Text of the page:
- Albert Gleizes
- signed Alb Gleizes, dated N.Y. 1917 (lower right)
- oil on board
The Solomon R. Guggenheim Museum, New York (bequeathed from the above in 1937; sale: Sotheby's, London, 2nd July 1974, lot 80)
Private Collection, Sweden (purchased at the above sale; sale: Sotheby's, London, 6th February 2013, lot 117)
Purchased at the above sale by the late owner
The importance of the present work was attested to by its inclusion in the prestigious collection of Solomon R. Guggenheim in New York, who acquired it in 1936 and bequeathed it to The Solomon R. Guggenheim Museum a year later, eventually selling it at Sotheby's in London in 1974 after more than 30 years in his collection. Standing as a powerful example of the connections and dynamic artistic exchange between Europe and the US at the time Vaudeville is a significant work within Gleizes’ œuvre, and various preparatory drawings exist, one of which was also given to the Guggenheim by Hilla Rebay in 1938 and then deaccessioned in 1986.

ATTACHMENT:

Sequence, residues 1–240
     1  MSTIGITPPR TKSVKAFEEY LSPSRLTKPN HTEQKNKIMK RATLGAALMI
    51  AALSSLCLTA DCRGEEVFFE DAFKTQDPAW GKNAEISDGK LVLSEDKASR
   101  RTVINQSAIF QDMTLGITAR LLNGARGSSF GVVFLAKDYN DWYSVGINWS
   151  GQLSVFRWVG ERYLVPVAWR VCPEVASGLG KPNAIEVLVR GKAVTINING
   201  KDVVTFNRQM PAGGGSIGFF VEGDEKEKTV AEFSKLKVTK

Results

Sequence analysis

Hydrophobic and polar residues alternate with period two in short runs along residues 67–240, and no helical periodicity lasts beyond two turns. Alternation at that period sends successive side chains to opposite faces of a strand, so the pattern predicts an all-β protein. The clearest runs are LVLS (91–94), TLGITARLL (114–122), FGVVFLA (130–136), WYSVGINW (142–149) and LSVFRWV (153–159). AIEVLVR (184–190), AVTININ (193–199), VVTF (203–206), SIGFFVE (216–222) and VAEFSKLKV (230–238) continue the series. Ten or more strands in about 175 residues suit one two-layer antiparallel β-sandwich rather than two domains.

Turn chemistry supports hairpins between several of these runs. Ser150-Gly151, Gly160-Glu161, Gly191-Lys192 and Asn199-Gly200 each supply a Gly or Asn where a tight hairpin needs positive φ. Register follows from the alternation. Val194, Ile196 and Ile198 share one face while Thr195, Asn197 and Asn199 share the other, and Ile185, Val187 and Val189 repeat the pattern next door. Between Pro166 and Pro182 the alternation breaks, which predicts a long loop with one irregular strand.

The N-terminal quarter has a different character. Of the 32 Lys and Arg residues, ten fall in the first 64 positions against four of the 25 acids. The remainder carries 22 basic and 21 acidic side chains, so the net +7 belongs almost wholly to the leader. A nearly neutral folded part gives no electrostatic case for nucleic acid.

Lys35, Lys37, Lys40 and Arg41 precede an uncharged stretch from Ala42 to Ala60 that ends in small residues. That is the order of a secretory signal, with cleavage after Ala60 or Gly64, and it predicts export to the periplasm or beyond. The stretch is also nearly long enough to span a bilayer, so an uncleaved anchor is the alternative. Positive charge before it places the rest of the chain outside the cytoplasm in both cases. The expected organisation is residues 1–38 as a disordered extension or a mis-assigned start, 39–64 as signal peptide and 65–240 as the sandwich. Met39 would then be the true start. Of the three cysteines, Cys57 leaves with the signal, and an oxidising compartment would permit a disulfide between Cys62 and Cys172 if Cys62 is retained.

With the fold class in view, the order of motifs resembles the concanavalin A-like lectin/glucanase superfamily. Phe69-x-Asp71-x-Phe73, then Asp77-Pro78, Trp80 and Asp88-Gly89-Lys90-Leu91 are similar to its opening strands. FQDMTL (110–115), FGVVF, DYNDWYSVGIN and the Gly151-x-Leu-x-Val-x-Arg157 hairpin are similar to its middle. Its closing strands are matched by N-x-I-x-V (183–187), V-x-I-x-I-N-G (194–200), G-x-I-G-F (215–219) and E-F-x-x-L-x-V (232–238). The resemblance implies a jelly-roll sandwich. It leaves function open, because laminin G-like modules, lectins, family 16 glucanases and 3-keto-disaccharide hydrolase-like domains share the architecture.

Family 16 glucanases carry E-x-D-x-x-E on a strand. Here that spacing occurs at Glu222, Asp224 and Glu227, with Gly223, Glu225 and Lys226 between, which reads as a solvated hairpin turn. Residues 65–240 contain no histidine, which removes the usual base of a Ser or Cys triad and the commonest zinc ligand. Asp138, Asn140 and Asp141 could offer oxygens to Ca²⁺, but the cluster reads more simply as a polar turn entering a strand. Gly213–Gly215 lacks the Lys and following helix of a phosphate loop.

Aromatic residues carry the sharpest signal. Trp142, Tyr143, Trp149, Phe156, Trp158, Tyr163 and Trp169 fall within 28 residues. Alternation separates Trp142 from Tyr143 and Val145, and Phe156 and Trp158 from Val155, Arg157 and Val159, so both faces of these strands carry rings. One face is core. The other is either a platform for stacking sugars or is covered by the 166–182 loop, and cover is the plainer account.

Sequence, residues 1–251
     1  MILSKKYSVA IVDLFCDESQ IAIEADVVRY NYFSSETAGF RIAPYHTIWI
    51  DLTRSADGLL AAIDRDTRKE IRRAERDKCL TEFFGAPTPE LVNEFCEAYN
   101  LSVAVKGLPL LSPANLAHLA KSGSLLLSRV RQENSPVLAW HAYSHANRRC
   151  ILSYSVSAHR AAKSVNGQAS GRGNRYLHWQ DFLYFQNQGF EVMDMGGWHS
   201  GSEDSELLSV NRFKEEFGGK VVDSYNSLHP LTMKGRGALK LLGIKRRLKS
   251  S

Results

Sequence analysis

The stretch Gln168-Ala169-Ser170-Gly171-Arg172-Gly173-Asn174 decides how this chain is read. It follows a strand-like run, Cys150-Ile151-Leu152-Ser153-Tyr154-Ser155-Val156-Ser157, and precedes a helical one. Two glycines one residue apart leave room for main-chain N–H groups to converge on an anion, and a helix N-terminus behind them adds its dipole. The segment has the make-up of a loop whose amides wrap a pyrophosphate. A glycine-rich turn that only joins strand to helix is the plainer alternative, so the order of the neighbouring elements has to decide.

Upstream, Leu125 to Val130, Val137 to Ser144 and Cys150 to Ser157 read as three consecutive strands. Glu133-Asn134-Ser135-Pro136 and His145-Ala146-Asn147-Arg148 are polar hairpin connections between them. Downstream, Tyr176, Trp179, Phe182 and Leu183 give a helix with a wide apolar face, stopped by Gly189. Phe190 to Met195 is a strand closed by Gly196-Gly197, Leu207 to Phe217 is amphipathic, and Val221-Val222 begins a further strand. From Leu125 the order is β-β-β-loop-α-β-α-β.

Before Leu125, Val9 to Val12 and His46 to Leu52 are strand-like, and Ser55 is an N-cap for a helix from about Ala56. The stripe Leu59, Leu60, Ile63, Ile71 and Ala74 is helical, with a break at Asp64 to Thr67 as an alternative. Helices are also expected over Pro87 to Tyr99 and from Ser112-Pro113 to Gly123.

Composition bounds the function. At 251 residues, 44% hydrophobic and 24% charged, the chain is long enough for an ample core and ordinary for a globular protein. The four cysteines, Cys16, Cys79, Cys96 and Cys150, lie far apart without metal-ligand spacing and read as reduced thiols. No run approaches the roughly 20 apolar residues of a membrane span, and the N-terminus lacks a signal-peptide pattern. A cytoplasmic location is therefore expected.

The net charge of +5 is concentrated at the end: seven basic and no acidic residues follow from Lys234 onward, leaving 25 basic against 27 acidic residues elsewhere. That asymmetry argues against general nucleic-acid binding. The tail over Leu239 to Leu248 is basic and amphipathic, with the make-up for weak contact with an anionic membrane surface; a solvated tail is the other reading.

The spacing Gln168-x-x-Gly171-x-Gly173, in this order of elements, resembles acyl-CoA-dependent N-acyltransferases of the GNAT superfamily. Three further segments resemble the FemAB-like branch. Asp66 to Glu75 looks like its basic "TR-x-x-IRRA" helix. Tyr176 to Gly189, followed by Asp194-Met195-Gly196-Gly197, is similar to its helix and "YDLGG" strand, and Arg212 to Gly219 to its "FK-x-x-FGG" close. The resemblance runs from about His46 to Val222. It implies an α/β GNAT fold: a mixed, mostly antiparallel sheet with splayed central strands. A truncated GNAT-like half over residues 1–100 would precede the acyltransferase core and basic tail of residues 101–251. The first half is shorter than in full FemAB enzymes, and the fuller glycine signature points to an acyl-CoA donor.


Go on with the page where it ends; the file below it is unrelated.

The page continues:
As a co-founder of the Salon d'Automne and member of the Salon des Indépendants, Gleizes was heavily influenced by Henri Le Fauconnier, Jean Metzinger and other members of the Cubist circle. Soon discovering his own pictorial language, Gleizes sought to deconstruct the objects which appear in his canvases, reorganising them in rhythmically shifting planes. By 1911, he was among the outstanding Cubist exhibitors in the Salon des Indépendants and co-author with Jean Metzinger of the treatise Du Cubisme. This was the first publication to offer a definition of Cubism and the ideas set forth therein were an inspiration to many of Gleizes' contemporaries, including Roger de Fresnaye and Fernand Léger. Gleizes continued to develop his creative language over the following years, pushing the Cubist vernacular to its limits. Brookes goes so far as to argue that ‘Gleizes can claim, justifiably, to have gone further with Cubism than any other painter’ (Peter Brookes, Albert Gleizes, For and Against the Twentieth Century, New Haven, 2001, p. x). In its combination of abstract shapes and quotidian objects reduced to their most elemental form, Vaudeville stands as a magnificent exemplar of Gleizes’ utterly distinctive and pioneering artistic practice.